26 July 2021

National Folk Festival Fellowship has funding for the folk community's big ideas

| Genevieve Jacobs
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Luke Byrnes

2020 National Folk Fellowship winner Luke Byrnes. Photo: Supplied.

Musicians, dancers, poets, performance artists and collectors everywhere – the National Folk Festival is calling you.

Applications for the 2022 National Folk Fellowship Program, run in partnership with the National Library of Australia, have been extended until August 16, supporting folk practitioners to develop a project based on the National Library’s extensive folklore collections.

The Folk Festival’s artistic director Katie Noonan said it’s a first-class chance for folk artists of all kinds to access the library’s rich trove of material, supported by an $8000 stipend, access to the National Library sound recording studios for up to 30 hours over the residency and a guaranteed performance at the 2022 National Folk Festival.

Last year’s winner, folk singer and travelling troubadour Archer, has been researching the songs of Western NSW for his project In the Land where the Crow Flies Backwards.

Centring on the songs of Dougie Young and lesser-known characters from the 50’s and 60’s and earlier, his project focuses mainly on Indigenous songwriters, telling their stories through songs and poems, and the song of the red-tailed black cockatoo.

As a performer who has humped his bluey through every state in Australia, walking, hitchhiking, and catching trains, sleeping on the riverbanks and in the parks, singing in the streets and performing in music halls, Archer’s love of the folkloric traditions of Australia’s remote and regional songwriters made him a perfect recipient for the fellowship.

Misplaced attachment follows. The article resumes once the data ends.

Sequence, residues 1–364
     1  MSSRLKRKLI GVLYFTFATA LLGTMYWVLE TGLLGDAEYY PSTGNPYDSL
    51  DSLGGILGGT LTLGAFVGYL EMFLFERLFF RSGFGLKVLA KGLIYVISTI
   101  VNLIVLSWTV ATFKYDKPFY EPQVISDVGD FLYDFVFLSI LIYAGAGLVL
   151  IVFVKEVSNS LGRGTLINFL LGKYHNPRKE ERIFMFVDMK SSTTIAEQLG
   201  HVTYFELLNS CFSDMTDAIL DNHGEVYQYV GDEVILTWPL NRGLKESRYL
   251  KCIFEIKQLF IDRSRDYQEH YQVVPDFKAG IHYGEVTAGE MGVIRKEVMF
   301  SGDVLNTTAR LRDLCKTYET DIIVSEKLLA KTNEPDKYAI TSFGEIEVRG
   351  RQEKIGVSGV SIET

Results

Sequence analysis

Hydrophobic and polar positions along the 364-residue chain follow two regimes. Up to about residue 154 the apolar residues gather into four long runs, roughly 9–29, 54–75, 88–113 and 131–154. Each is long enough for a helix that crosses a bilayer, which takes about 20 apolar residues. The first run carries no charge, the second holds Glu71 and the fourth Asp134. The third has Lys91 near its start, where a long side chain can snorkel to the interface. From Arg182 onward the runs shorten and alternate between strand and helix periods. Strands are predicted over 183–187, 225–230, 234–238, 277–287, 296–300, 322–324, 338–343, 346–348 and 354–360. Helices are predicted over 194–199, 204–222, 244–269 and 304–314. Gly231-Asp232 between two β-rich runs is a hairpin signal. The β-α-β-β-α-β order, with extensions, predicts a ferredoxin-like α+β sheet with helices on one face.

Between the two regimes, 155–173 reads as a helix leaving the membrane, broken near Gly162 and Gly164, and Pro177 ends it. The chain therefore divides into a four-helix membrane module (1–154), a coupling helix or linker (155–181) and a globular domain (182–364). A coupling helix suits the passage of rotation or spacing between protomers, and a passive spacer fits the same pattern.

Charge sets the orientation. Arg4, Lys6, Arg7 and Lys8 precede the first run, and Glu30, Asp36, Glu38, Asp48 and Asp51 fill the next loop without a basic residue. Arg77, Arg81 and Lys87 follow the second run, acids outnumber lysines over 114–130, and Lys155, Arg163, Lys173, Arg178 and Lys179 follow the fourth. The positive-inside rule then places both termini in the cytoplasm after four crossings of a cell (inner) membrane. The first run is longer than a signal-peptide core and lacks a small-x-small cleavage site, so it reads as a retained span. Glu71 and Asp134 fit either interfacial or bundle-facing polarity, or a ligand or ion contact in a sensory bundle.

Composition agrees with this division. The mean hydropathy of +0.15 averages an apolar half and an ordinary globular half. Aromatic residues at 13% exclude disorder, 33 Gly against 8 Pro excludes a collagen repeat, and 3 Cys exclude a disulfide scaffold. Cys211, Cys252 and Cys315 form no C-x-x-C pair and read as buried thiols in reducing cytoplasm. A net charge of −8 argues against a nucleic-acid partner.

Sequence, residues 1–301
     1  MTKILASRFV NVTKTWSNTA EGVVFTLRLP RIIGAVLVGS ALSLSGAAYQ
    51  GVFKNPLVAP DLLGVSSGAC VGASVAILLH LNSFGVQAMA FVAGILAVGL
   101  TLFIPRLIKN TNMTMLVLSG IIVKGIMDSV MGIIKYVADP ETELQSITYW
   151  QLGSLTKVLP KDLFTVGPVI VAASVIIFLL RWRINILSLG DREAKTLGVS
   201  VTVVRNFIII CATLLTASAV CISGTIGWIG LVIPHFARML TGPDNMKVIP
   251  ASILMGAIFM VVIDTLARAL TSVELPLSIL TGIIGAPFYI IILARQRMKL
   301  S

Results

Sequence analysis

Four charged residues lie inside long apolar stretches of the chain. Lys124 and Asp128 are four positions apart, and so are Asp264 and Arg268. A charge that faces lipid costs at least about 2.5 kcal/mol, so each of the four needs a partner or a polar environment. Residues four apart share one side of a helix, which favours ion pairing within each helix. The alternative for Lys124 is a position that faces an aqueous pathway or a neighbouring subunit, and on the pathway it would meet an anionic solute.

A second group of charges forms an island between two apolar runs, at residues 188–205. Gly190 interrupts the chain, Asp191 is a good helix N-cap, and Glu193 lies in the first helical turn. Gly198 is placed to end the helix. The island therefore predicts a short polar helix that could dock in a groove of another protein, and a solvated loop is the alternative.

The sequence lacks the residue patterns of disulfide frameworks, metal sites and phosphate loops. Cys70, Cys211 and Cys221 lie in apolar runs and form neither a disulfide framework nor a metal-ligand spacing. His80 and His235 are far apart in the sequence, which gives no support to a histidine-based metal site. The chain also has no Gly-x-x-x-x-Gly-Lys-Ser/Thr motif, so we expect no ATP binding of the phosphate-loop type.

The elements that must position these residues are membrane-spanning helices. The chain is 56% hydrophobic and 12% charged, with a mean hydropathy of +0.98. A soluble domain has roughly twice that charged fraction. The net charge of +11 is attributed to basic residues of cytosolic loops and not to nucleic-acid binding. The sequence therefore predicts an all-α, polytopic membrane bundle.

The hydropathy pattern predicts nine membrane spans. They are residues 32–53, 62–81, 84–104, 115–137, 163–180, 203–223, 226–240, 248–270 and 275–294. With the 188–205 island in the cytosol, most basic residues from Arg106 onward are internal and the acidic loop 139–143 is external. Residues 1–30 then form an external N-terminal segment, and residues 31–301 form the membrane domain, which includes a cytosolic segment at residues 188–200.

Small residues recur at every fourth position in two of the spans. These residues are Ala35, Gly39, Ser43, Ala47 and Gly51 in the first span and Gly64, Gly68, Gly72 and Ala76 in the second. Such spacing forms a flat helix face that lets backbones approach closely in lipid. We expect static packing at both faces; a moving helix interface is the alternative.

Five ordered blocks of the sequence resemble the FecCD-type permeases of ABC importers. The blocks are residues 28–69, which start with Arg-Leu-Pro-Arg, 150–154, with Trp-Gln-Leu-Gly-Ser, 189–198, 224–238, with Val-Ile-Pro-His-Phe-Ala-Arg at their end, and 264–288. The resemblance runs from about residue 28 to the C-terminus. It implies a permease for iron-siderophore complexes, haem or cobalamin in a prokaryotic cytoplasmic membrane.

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The intention for the fellowship is to produce a body of work about distinctively Australian folk music that tells the story of the nation and its people, using the abundant resources the National Library has at hand.

“The National Library’s National Folk Fellowship program is a wonderful opportunity to harness the power of artistic expression to explore our history and bring the past into the now,” Katie Noonan said.

Katie Noonan

Katie Noonan says the National Folk Festival Fellowship is an opportunity not to be missed. Photo: File.

Applicants must be able to demonstrate a level of artistry required for a featured performance at the National Folk Festival – an effective project concept and plan that uses original source materials in developing the performance and the ability to undertake research in the National Library’s collections

Additionally, the proposal must be achievable within the timeframe of the residency and suit performance at the National Folk Festival.

The four-week residency can be taken between October 2021 and early February 2022, while the National Folk Festival performance will take place in April 2022 with a further live-streamed, public presentation and performance at the National Library in November.

The connection with the source materials at the library is the key to creating something memorable. The library has an active folklore field collecting program and its archival sound recordings date back to 1952.

Additionally, the library’s extensive collections of music, maps, pictures, performance memorabilia, historic newspapers, books and journals can provide rich context. There is also a major archive of recordings focussing on Australian traditions across a myriad of styles, genres and diverse cultural practices.

In 2020, Lismore musician Luke Byrnes used his fellowship to explore the music of Bundjalung nation, the first waves of colonisation by squatters and cedar-getters in exploitation of property and timber, the legacy of the Terania Creek Protests and the ongoing struggles to protect the region’s land and water from fracking.

Other fellowships have traced Italian folk music recordings incorporating Italian migration history and the Italo-Australian ethnomusicological landscape, a collection of Indigenous songs from Christian missions, Aboriginal reserves and township fringes and an examination of the social networks, evolution and transmission of Australian folk through women’s music.

You can find out more about the Folk Fellowship at the National Library’s site.

Original Article published by Genevieve Jacobs on The RiotACT.

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